“Trusting when it costs.”

October 15, 2008

Sometimes I wonder why I even bother to keep a blog when most of it is filled with words spoken or written by people other than myself … but as someone who is most encouraged by words, I can’t help but post words that have encouraged me, in hopes that it might encourage those who stop by here, too.

This is from an email that my pastor sent out today:

Many know the story. When in November of 1873 Horatio Spafford learned his four daughters had perished when their ocean liner, the S.S.Ville Du Havre, was rammed and sunk by the English vessel, Lochearn, out of a mixture of grief and hope he wrote one of the church’s most cherished hymns:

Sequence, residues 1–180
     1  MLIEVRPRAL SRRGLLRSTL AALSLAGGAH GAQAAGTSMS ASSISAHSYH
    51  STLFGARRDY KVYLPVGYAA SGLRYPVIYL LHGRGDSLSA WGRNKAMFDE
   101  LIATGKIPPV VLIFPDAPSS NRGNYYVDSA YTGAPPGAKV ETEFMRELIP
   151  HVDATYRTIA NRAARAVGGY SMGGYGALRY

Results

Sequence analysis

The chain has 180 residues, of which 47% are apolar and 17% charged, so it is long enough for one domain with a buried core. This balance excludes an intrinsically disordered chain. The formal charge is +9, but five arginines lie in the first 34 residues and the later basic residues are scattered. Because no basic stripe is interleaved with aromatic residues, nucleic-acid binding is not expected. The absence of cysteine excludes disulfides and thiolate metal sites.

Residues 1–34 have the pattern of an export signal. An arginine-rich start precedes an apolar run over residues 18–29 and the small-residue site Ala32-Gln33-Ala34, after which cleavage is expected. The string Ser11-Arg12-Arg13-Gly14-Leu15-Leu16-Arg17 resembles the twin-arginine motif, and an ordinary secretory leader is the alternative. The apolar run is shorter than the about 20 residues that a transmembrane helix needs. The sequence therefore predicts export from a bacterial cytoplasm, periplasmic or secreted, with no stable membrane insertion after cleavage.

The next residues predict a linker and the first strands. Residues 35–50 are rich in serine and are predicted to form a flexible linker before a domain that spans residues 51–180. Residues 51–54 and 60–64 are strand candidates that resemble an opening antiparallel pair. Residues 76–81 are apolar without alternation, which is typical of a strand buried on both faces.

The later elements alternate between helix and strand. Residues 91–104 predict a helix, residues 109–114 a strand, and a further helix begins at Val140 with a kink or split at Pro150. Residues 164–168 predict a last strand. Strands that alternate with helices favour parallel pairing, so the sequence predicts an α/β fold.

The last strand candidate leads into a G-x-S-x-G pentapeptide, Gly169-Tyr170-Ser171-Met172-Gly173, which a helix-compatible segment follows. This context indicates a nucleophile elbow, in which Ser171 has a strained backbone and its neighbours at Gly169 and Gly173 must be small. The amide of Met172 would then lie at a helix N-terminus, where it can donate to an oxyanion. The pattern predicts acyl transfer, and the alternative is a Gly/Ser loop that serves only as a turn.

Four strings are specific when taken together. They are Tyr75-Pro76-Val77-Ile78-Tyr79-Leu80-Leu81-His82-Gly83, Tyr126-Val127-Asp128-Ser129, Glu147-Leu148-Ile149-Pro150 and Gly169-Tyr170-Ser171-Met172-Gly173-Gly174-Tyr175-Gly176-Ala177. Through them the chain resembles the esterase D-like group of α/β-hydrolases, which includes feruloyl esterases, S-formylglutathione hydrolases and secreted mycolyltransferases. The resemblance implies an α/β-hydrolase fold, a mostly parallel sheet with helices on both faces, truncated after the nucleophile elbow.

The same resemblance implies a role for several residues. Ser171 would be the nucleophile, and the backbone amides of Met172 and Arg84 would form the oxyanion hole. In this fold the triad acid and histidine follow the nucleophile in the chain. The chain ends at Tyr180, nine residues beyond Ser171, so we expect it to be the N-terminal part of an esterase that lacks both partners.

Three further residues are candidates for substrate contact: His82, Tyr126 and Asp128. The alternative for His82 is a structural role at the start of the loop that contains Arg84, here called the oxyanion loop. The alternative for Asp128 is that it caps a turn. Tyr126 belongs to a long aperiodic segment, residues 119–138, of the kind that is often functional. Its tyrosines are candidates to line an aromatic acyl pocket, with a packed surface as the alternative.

When peace, like a river, attendeth my way,
When sorrows like sea billows roll,
Whatever my lot, Thou hast taught me to say,
It is well, it is well, with my soul.

Less well known are the words Spafford confided to a friend shortly after the tragedy:

I am glad to trust God when it costs me something.

Being a dad, it’s difficult for me to grasp, to imagine how a father could respond that way to such an unspeakable loss. I suppose in part the explanation is that God gives sufficient grace in the moment of need, not in advance. The other part must be this: Spafford’s faith in the crisis, his bulging bicep faith was so defined because he had developed it as a habit of life in the gym of everyday trials.

We sometimes wonder (I do): If this huge thing, this painful tragedy happened to me; if I lost this or suffered that, would I still trust God, could I thank Him for the privilege of trusting Him when it costs, when it really costs me something? The answer is literally in front of our faces: Are we trusting Him with the thing before us now?

(Pastor John Helveston, East Valley Church)

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